Home | News    Monday 28 September 2009

South Africa president warns Sudan’s Bashir of arrest

September 27, 2009 (WASHINGTON) — The president of South Africa Jacob Zuma affirmed his country’s position over the arrest warrant issued by the International Criminal Court (ICC) last March.

Speaking to CNN’s Christiane Amanpour, the South African president said that "as a signatory of this particular agreement [the ICC Statute] we said that once he has been arrested [in South Africa by judiciary], we could not stop the arrest of Bashir. That is the position we made”.

Asked by Amanpour whether he sticks to his earlier statements that if Bashir “was to ever set foot inside your [South Africa] country you would order him arrested”, Zuma replied “that is correct”.

The statements are the first of its kind by an African head of state since the ICC charged Bashir with seven counts of war crimes and crimes against humanity.

This is also the first time Zuma speaks on the issue since the African Union (AU) summit held in Libya last July in which the states adopted a resolution that they shall not cooperate with the ICC in executing the warrant.

South Africa has reportedly raised no objections to the resolution believed to be pushed forward by the Libyan leader Muammar Gaddafi. However, Zuma came under fire from rights groups in his country who accused him of violating his country’s laws and constitution.

However, shortly thereafter the South African government after consulting with its legal advisers declared that adopting the AU resolution would be a breach of its obligations.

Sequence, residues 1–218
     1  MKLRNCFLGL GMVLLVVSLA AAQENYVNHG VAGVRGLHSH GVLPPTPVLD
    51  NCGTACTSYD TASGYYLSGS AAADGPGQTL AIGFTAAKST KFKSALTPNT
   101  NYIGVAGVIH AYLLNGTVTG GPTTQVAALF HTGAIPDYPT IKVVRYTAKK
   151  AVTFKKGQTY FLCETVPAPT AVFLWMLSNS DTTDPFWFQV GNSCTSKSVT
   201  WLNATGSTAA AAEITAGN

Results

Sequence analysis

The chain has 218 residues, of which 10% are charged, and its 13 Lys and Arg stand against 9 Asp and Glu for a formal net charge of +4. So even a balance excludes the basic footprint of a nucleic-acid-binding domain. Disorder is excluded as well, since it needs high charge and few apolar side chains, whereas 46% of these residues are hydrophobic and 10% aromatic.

Zuma defended the position of the AU, seen by human right groups and Darfur rebels as granting impunity to the Sudanese leader.

“The ICC took the decision and issued the warrant of arrest and there is a continental position by the AU to which we are a member which looked at the conditions in Sudan particularly the progress that we are making in terms of intervening to bring about peace and stability,” he said.

“What the AU said in the decision which we are part of. It did not say that president Bashir must not be arrested, all it asked is that a deferment of that action on the basis of the progress we are making in terms of the peace intervention. Our view was if you acted at that point you could reverse the process we are making and the consequences of it will certainly affect the Sudanese who are fighting. Therefore give us a chance to complete that particular chapter then you could deal with Bashir later” he added.

Sudan has raised the issue of South Africa’s position with regards to the ICC during a visit of its International Relations and Cooperation Minister Maite Nkoana-Mashabane to Khartoum this month.

At the time, the Sudanese foreign ministry spokesperson Muawiya Osman told the UN sponsored Miraya FM radio that Nkoana-Mashabane told officials that South Africa is committed to the Sirte declaration calling for non-cooperation with the ICC.

Bashir has skipped Zuma’s inauguration last May after being warned that he would face arrest.

The remarks made by Zuma would likely outrage Khartoum which had said in the past that African ICC states are required to comply with the AU decision. They would also put South Africa at odds with its ally Libya, which pushed for the resolution.

Botswana and Chad are the only two countries in Africa that have publicly announced that they will not abide by the AU resolution halting cooperation with the ICC.